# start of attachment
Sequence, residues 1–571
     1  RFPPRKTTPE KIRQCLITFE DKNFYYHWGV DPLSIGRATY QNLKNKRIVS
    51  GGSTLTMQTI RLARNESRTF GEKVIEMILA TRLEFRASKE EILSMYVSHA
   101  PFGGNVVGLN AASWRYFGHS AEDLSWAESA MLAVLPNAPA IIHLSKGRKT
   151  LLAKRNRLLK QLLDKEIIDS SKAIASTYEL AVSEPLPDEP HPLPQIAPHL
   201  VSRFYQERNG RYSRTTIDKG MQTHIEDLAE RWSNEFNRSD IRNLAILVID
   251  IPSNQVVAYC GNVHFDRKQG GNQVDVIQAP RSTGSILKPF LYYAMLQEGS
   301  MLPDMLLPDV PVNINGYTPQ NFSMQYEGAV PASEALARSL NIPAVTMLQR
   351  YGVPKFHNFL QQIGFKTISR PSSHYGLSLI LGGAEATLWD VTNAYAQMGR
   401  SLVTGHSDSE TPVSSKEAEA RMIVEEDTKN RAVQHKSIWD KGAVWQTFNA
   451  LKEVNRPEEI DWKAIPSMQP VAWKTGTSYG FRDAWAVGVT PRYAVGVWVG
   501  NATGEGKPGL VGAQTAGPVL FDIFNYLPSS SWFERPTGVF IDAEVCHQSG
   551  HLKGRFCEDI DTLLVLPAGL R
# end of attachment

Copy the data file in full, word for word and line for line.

Sequence, residues 1–571
     1  RFPPRKTTPE KIRQCLITFE DKNFYYHWGV DPLSIGRATY QNLKNKRIVS
    51  GGSTLTMQTI RLARNESRTF GEKVIEMILA TRLEFRASKE EILSMYVSHA
   101  PFGGNVVGLN AASWRYFGHS AEDLSWAESA MLAVLPNAPA IIHLSKGRKT
   151  LLAKRNRLLK QLLDKEIIDS SKAIASTYEL AVSEPLPDEP HPLPQIAPHL
   201  VSRFYQERNG RYSRTTIDKG MQTHIEDLAE RWSNEFNRSD IRNLAILVID
   251  IPSNQVVAYC GNVHFDRKQG GNQVDVIQAP RSTGSILKPF LYYAMLQEGS
   301  MLPDMLLPDV PVNINGYTPQ NFSMQYEGAV PASEALARSL NIPAVTMLQR
   351  YGVPKFHNFL QQIGFKTISR PSSHYGLSLI LGGAEATLWD VTNAYAQMGR
   401  SLVTGHSDSE TPVSSKEAEA RMIVEEDTKN RAVQHKSIWD KGAVWQTFNA
   451  LKEVNRPEEI DWKAIPSMQP VAWKTGTSYG FRDAWAVGVT PRYAVGVWVG
   501  NATGEGKPGL VGAQTAGPVL FDIFNYLPSS SWFERPTGVF IDAEVCHQSG
   551  HLKGRFCEDI DTLLVLPAGL R